Why France Is the Best Place to Do an ICO
After more than two decades of Silicon Valley tech domination, the global cryptocurrency boom is starting to level the playing field. Despite the bear market, European Initial Coin Offerings (ICOs) have reached more than $4B in value so far, a figure US and Asian ICOs haven’t even come close to this year. France in particular is a great place to do an ICO.
Blockchain is a truly global phenomenon, so when my startup was looking for a place to incorporate, we had a lot of options. But we chose Paris. Our main priority was making sure that our country of incorporation would not make life difficult for blockchain startups and that corporations in our region were open to experimenting with decentralized ledgers.
France may not seem like the most obvious haven for crypto startups. The country has long struggled to connect a history of academic excellence in mathematics and engineering to world-class technology. Entrepreneurship has not always been popular in France, and in my observation, there is often a sense of negativity that prevents people from taking on new initiatives. Over the past years the French government has set out to reduce bureaucracy, streamline access to capital and get rid of the cultural issues that were crippling the country’s ability to shine on the global stage.
The creation of La French Tech initiative, a movement celebrating French innovation, startups and the people behind them, epitomizes France’s desire to become a tech hub. Along with supporting Made in France ventures, officials have also adapted the legislation to create a much more welcoming environment for foreign companies. Business France, the French Government’s Economic Development Agency, has been enabling Silicon Valley-based startups to easily open offices in France. These efforts have paid off. At last year’s Consumer Electronic Show, a third of all the international companies showcased were French.
When the cryptocurrency market became too big to ignore, catering to blockchain entrepreneurs was added to the agenda of France by government officials. In the crypto realm, France is home to Ledger, and hosts numerous other promising infrastructure, platform and software projects such as iExec, Ark, and Blockchain.io, the highly-anticipated cryptocurrency exchange.
A year ago, the Autorité des Marchés Financiers (AMF, the local stock market regulators), initiated the UNICORN program. UNICORN was a consultation on Initial Coin Offerings during which stakeholders from around the country were invited to share their views on the proper way to analyze and support ICO initiatives.
An initial, high level assessment revealed three major ways to move forward in terms of regulation: Promoting best practices without changing existing legislation, extending existing texts to treat ICOs as public offerings of securities, and proposing ad hoc legislation adapted to ICOs.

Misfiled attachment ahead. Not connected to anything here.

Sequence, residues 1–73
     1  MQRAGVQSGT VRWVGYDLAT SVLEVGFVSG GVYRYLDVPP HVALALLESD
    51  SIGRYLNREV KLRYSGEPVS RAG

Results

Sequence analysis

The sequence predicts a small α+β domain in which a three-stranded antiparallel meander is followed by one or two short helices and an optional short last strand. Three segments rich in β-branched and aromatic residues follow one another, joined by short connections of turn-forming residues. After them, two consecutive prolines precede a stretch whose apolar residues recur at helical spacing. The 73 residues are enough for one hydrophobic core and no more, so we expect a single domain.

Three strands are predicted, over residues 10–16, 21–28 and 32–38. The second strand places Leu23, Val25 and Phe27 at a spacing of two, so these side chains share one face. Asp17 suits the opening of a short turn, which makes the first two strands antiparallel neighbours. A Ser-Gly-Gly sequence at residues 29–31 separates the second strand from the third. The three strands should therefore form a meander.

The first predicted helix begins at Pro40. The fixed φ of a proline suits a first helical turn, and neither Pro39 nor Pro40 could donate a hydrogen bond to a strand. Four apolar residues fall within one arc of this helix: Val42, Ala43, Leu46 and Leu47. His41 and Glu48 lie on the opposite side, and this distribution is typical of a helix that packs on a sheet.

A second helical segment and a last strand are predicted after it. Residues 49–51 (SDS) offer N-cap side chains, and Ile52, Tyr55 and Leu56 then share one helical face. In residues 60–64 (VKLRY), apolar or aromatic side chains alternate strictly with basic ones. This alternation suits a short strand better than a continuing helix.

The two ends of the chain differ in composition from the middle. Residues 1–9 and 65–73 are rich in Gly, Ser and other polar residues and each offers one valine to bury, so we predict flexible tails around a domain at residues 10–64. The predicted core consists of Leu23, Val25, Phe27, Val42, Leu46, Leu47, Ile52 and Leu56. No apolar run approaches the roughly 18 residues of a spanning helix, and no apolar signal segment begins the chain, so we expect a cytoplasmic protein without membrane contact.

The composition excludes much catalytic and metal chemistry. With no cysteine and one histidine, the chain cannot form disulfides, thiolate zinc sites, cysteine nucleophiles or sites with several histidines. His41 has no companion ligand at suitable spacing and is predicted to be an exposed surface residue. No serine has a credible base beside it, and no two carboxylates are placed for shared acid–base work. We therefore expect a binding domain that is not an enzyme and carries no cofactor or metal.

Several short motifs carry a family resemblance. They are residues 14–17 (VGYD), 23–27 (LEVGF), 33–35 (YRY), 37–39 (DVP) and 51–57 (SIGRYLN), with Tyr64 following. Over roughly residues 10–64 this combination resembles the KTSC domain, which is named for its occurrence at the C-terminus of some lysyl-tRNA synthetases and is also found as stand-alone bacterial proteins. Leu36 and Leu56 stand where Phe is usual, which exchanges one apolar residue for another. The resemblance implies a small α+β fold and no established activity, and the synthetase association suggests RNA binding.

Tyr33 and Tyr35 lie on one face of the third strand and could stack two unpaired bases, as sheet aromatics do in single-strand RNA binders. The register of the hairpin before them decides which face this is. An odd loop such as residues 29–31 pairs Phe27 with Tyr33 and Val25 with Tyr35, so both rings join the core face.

Shortly after UNICORN, France’s Minister for the Economy and Finance established a cryptocurrency task force to act on the consultation findings. The result of this effort was recently announced: a surprisingly progressive ICO regulatory framework was amended by the French parliament as part of PACTE, France’s Business Growth and Transformation bill. Among other regulatory perks, eligible cryptocurrency companies seeking to launch an ICO can now apply for an ICO visa by submitting their white paper to the AMF for review.
With its newfound power, the AMF is able to give ICO projects a public stamp of approval, making them appear more trustworthy. Visa holders will also be entitled to guaranteed access to banking services. Bruno Le Maire, Minister of the Economy and Finance, even said ICOs will help France become a leading blockchain nation, and PACTE is a major step in that direction.
From the moment UNICORN was announced, it became apparent not only that a cryptocurrency-friendly mentality was steadily developing in France, but also that a local, regulated ICO would be a viable way for us to accelerate our growth.
At the end of the day, many projects base their choice of local jurisdiction based on what is considered a security token, and what is considered a utility token. True utility tokens face fewer legal and regulatory barriers, which is why many projects like to advertise themselves as utility tokens even when they clearly are not. The larger problem is that many jurisdictions are sending unclear signals about what is a security and what is a utility, which is one of the reasons why some projects are playing it safe by doing Security Token Offerings (STOs).
France, by contrast, is relatively willing to classify tokens as utilities. After we learned that French regulators designated our own token as a utility, for example, we felt much more comfortable about doing an ICO.
But why do an ICO at all? As a bootstrap company, we were looking for an effective way to get noticed, scale our operations globally and confidently tackle the performance and customer management market. Crowdfunding allows us to shed light on what we’ve been doing for the past few years. Public scrutiny also helps us identify issues with the platform. To some extent, France’s friendly regulatory environment opened up that door for us. Regulation can actually drive disruption.
Wilhem Pujar is co-founder and CEO of Stacktical.